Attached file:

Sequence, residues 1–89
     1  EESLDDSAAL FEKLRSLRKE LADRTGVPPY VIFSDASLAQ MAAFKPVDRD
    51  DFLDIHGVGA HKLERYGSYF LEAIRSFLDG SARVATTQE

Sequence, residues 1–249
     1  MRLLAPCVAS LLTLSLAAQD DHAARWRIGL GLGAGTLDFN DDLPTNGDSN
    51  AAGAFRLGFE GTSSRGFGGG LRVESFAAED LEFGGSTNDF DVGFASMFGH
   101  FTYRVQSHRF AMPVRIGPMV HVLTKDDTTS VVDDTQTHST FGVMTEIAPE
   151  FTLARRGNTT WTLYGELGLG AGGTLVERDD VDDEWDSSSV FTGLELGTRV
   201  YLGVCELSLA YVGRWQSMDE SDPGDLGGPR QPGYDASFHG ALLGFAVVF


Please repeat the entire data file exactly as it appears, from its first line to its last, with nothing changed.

Sequence, residues 1–89
     1  EESLDDSAAL FEKLRSLRKE LADRTGVPPY VIFSDASLAQ MAAFKPVDRD
    51  DFLDIHGVGA HKLERYGSYF LEAIRSFLDG SARVATTQE

Sequence, residues 1–249
     1  MRLLAPCVAS LLTLSLAAQD DHAARWRIGL GLGAGTLDFN DDLPTNGDSN
    51  AAGAFRLGFE GTSSRGFGGG LRVESFAAED LEFGGSTNDF DVGFASMFGH
   101  FTYRVQSHRF AMPVRIGPMV HVLTKDDTTS VVDDTQTHST FGVMTEIAPE
   151  FTLARRGNTT WTLYGELGLG AGGTLVERDD VDDEWDSSSV FTGLELGTRV
   201  YLGVCELSLA YVGRWQSMDE SDPGDLGGPR QPGYDASFHG ALLGFAVVF